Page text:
The KW Symphony and I did a concert a few weeks ago with
Dan Deacon. Here’s a little bit about the process:
Working with Dan Deacon was a blast of chaotic, creative, mischievous energy. He’s interested in new sounds and new experiences, in creating the childlike sense of wonder and joy when you experience something for the first time. That’s the game underlying a lot of “experimental” or “avant-garde” music: the joy of discovery. I think when people are put off by new sounds it’s because they’re no longer in touch with their inner child.
During this collaboration Dan was discovering something himself, something very old: the symphony orchestra and all its rules, traditions and rank and regimentation. It was hilarious and kind of terrifying watching Dan rediscover orchestras (“I haven’t written for humans in years!” he told me). I can only imagine how feverishly he worked trying to create these scores. The process he went through to notate orchestral sounds was beyond complicated. Despite all of his hard work, the project had to be saved by me, the library and production staff, and our stalwart copyist, Trevor Wagler, in the weeks and days before the first rehearsal. Many protocols were broken!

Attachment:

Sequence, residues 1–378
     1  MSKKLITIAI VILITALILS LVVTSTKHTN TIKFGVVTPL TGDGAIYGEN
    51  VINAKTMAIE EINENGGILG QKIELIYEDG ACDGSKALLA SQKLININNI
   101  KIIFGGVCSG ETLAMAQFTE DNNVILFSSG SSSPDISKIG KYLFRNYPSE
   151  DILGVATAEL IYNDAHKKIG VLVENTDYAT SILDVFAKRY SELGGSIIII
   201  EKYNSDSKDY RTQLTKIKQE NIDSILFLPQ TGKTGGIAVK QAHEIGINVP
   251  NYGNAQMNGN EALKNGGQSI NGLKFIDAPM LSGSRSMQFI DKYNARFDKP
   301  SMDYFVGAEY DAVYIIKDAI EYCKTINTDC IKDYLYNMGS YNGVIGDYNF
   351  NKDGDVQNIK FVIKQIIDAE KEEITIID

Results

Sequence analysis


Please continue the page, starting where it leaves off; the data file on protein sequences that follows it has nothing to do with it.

But who cares? I loved that we were teaming up to make something work, instead of getting together and complaining about it! In the end, the music was all Dan’s. I wanted to work with Dan because I believe that he’s onto something as a musician. I think he appreciates orchestras for what they can do. I think he’s got great ears and a strong sense of composition in the long form. And, most importantly, he really knows how to reach people with his music, how to make them feel the joy of discovery. The orchestra world could really use him. And now we’ve got him. Here’s to more new sounds and experiences!